Feeling the past: The absence of experimental evidence for anomalous retroactive influences on text processing.
ABSTRACT In two self-paced reading experiments, we investigated the hypothesis that information moves backward in time to influence prior behaviors (Bem Journal of Personality and Social Psychology 100:407-425, 2011a). In two of Bem's experiments, words were presented after target pictures in a pleasantness judgment task. In a condition in which the words were consistent with the emotional valence of the picture, reaction times to the pictures were significantly shorter , as compared with a condition in which the words were inconsistent with the emotional valence of the picture. Bem Journal of Personality and Social Psychology 100:407-425, (2011a) interpreted these results as showing a "retroactive priming" effect resulting from precognition. To test the precognition hypothesis, we adapted a standard repetition priming paradigm from psycholinguistics. In the experiments, participants read a set of texts. In one condition, the participants read the same text twice. In other conditions, participants read two different texts. The precognition hypothesis predicts that readers who encounter the same text twice will experience reductions in processing load during their first encounter with the text. Hence, these readers' average reading times should be shorter than those of readers who encounter the target text only once. Our results indicated that readers processed the target text faster the second time they read it. Also, their reading times decreased as their experience with the self-paced reading procedure increased. However, participants read the target text equally quickly during their initial encounter with the text, whether or not the text was subsequently repeated. Thus, the experiments demonstrated normal repetition priming and practice effects but offered no evidence for retroactive influences on text processing.
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ABSTRACT: The first 100 years of experimental psychology were dominated by 2 major schools of thought: behaviorism and cognitive science. Here the authors consider the common philosophical commitment to determinism by both schools, and how the radical behaviorists' thesis of the determined nature of higher mental processes is being pursued today in social cognition research on automaticity. In harmony with "dual process" models in contemporary cognitive science, which equate determined processes with those that are automatic and which require no intervening conscious choice or guidance, as opposed to "controlled" processes which do, the social cognition research on the automaticity of higher mental processes provides compelling evidence for the determinism of those processes. This research has revealed that social interaction, evaluation and judgment, and the operation of internal goal structures can all proceed without the intervention of conscious acts of will and guidance of the process.Psychological Bulletin 12/2000; 126(6):925-45. DOI:10.1037/0033-2909.126.6.925 · 14.39 Impact Factor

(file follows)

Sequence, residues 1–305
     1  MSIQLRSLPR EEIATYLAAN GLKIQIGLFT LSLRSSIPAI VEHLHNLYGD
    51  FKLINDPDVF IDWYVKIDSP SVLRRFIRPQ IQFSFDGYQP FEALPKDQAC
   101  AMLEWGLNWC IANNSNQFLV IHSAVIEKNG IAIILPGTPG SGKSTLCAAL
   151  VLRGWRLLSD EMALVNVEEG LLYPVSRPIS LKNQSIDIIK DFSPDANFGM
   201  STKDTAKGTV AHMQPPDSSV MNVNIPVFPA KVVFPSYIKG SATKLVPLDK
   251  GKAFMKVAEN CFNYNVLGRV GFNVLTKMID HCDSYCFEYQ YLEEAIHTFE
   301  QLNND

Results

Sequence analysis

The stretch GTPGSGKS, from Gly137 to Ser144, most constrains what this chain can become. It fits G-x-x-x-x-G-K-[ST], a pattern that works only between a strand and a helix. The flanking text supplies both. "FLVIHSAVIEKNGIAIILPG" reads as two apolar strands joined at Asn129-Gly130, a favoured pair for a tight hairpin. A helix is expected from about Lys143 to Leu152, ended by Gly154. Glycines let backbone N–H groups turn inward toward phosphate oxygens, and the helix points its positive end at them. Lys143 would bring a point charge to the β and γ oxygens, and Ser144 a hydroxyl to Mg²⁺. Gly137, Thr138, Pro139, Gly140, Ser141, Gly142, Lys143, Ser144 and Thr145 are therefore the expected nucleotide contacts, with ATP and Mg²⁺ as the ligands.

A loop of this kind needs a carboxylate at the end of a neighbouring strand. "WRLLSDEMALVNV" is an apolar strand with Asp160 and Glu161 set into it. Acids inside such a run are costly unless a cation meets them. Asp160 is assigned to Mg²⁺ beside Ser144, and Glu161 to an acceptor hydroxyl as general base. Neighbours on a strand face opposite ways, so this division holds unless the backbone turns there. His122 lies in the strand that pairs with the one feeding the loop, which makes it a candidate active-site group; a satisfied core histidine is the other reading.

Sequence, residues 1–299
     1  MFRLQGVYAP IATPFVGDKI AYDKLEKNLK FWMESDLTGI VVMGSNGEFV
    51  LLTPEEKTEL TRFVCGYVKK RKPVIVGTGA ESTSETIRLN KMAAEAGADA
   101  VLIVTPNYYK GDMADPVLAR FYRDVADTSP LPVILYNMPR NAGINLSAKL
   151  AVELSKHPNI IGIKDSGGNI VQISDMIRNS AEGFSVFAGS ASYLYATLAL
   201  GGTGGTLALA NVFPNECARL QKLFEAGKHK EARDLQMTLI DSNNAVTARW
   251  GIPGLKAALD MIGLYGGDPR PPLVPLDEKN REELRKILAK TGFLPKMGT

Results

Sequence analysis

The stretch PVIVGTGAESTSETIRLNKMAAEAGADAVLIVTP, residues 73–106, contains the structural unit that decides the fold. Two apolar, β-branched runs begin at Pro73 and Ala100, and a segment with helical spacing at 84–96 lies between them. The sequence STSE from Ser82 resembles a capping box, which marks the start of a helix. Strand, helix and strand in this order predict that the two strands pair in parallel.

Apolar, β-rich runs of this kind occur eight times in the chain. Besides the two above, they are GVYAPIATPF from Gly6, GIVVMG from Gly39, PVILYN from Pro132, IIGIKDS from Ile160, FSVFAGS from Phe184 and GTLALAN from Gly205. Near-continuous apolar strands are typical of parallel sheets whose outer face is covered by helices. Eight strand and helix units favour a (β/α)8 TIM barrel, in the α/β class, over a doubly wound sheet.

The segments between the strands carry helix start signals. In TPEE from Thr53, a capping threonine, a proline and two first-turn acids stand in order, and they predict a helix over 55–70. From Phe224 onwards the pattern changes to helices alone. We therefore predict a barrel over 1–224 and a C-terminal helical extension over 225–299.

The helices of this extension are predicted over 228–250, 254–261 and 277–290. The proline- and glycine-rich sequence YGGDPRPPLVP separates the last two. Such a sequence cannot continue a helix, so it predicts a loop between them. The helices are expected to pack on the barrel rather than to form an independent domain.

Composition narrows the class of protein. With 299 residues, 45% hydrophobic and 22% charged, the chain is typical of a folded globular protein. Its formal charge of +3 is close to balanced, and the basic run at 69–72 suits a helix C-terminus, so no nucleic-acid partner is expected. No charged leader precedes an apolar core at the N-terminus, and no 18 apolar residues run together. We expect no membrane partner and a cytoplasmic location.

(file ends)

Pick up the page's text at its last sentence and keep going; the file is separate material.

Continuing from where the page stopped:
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ABSTRACT: J. Milton and R. Wiseman (1999) attempted to replicate D. Bem and C. Honorton's (1994) meta-analysis, which yielded evidence that the ganzfeld is a suitable method for demonstrating anomalous communication. Using a database of 30 ganzfeld and autoganzfeld studies, Milton and Wiseman's meta-analysis yielded an effect size (ES) of only 0.013 (Stouffer Z = 0.70, p = .24, one-tailed). Thus they failed to replicate Bem and Honorton's finding (ES = 0.162, Stouffer Z = 2.52, p = 5.90 x 10(-3), one-tailed). The authors conducted stepwise performance comparisons between all available databases of ganzfeld research, which were argued not to be lacking in quality. Larger aggregates of such studies were formed, including a database comprising 79 ganzfeld-autoganzfeld studies (ES = 0.138, Stouffer Z = 5.66, p = 7.78 x 10(-9)). Thus Bem and Honorton's positive conclusion was confirmed. More accurate population parameters for the ganzfeld and autoganzfeld domains were calculated. Significant bidirectional psi effects were also found in all databases. The ganzfeld appears to be a replicable technique for producing psi effects in the laboratory.Psychological Bulletin 06/2001; 127(3):424-33; discussion 434-8. DOI:10.1037/0033-2909.127.3.424 · 14.39 Impact Factor
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ABSTRACT: Wagenmakers, Wetzels, Borsboom, and van der Maas (2011) argued that psychologists should replace the familiar "frequentist" statistical analyses of their data with bayesian analyses. To illustrate their argument, they reanalyzed a set of psi experiments published recently in this journal by Bem (2011), maintaining that, contrary to his conclusion, his data do not yield evidence in favor of the psi hypothesis. We argue that they have incorrectly selected an unrealistic prior distribution for their analysis and that a bayesian analysis using a more reasonable distribution yields strong evidence in favor of the psi hypothesis. More generally, we argue that there are advantages to bayesian analyses that merit their increased use in the future. However, as Wagenmakers et al.'s analysis inadvertently revealed, they contain hidden traps that must be better understood before being more widely substituted for the familiar frequentist analyses currently employed by most research psychologists.Journal of Personality and Social Psychology 10/2011; 101(4):716-9. DOI:10.1037/a0024777 · 5.08 Impact Factor